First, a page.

Many people think that they are rewarded for un-enriching themselves. So the point I’m making is that actually, it could very well be a sin (depending on intentions). This should be enough motivation for change – that the intention was misplaced, what was thought good is actually bad.

      The article isn’t a watered down. It’s meant to be real. Allah doesn’t want difficulty or harraj for us.
      That’s real.

      When we disrespect that bounty, that is sinful.
      That’s real.

      The following ayah makes it very clear that depression/despair/being-unhopeful can even lead to disbelief:
      “Despair not of relief from Allah. Indeed, no one despairs of relief from Allah except the disbelieving people.”
      (Qur’an 12:87)

      We have to be real about these things. Watering things down is shying away from the truth. I’m not suggesting that you’re advocating that… I’m only explaining why I wrote it in that fashion.

      Again, jazakillahu khairan.
      Pray that Allah Guides us all to that which is better.

  3. Shao says:

    Salaam. Thank you from the bottom of my heart for such beautiful reminders. I needed them. May I just offer one piece of well meant advice and it is a small one. I have not seen the survey, however, the option ‘hardly’ if that was the only option for a negative response, may have lead many people to shy away from it as it feels like quite a strong response to make especially when asked if they feel deserving of Allah’s bounties. I am sorry if my comment is besides the point. It does not take away from the wonderful advice in this article. Thank you again and may Allah forgive me if I have written this unnecessarily and to any negative effect. JazakAllah Khair

    • AbdelRahman says:

      JazakAllah Khair,

      The three options in the survey are: “hardly, sometimes and often”

      We actually stayed away from using never for the reason you mentioned above. We felt that hardly was a very appropriate response. It’s the opposite of often and sometimes is in the middle of both.

      Your comment is very justified and jazakAllah for your input. I hope this clarifies things and please feel free to add/comment further :-)

  4. Sakina says:

    Jazakallah khayr for the article! I love the style of writing, very succint, eloquent and beautifully put.
    Sometimes I feel that if a person gets something they believe they are undeserving of, they feel more grateful. E.g. like a peasant who for example got a gift sent to him from the king, he is overwhelmed with gratitude and feels exceptionally honoured. On the other hand if the king’s advisors received a gift from him, they would not feel as honoured or special, as they feel they deserve such treatment and take it for granted as part of their job working in the king’s palace. Just a thought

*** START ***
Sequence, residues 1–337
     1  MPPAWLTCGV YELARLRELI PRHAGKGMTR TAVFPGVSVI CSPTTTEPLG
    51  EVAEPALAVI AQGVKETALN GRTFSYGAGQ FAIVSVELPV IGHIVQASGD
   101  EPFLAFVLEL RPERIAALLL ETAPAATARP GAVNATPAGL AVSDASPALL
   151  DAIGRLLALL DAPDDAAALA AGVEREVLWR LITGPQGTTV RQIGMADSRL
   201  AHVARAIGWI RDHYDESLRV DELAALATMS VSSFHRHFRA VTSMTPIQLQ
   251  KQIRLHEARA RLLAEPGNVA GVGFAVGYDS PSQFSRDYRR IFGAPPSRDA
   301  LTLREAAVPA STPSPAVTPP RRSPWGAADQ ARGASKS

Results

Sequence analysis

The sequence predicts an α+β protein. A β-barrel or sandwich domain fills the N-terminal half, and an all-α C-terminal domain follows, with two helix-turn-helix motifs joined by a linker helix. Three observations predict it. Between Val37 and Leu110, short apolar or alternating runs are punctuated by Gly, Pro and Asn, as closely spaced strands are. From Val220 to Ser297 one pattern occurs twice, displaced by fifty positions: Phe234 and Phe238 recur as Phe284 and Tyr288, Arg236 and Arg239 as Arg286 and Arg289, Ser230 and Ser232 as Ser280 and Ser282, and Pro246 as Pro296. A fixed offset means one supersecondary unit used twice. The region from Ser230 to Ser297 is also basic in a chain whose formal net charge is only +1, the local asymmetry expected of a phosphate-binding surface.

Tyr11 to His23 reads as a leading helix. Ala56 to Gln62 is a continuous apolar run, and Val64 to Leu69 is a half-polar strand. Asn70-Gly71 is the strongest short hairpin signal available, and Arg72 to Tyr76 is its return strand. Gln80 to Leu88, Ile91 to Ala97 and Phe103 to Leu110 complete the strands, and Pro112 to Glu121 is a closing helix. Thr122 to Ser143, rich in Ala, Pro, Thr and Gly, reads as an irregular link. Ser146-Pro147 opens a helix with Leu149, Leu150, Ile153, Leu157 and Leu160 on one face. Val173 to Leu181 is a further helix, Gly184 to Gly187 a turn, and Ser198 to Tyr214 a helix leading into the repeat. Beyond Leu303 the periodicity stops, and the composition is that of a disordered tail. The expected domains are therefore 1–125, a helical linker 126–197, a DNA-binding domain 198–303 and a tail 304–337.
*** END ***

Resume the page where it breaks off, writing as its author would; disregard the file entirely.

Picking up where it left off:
• AbdelRahman says:

      Jazakillah.

      You’re quite right sister Sakina.

      We are not to feel that we deserve anything from Allah. He Created us and Does as He Wishes.

      What about the peasant that returns the gift to the king and says: “I can’t accept this ?”
      How would the king feel ?

      And to Allah is the highest example.

  5. papanok says:

    JazakaAllaah kul khair for taking the time to write this piece. I haven’t come across an article that talks on this subject, so it is a new thing to investigate into: how we internally react to and think of Allaah during punishments and hardships.

    However, I would just like to point out that quite often the feeling of pain is good for two main reasons. First, is that it makes us acknowledge that whatever difficulty we are in is caused quite often because of our actions. It makes us see our shortcomings and make the connection between our situation and whatever we have done that may have cause Allaah’s displeasure. Without feeling that we deserve punishment then we would end up blaming Allaah all the time and viewing Him as if He is unfair and that we shouldn’t be going through this difficulty astaghfurallaah. And second, feeling pain is a great propeller for a commitment to change. It may not be for all people, but in my humble opinion I believe it is for most wallah a’lam. So in generally, I would say that the feelings of pain and self blame, though to a moderate extent, is beneficial for one’s iman. And Allaah knows best.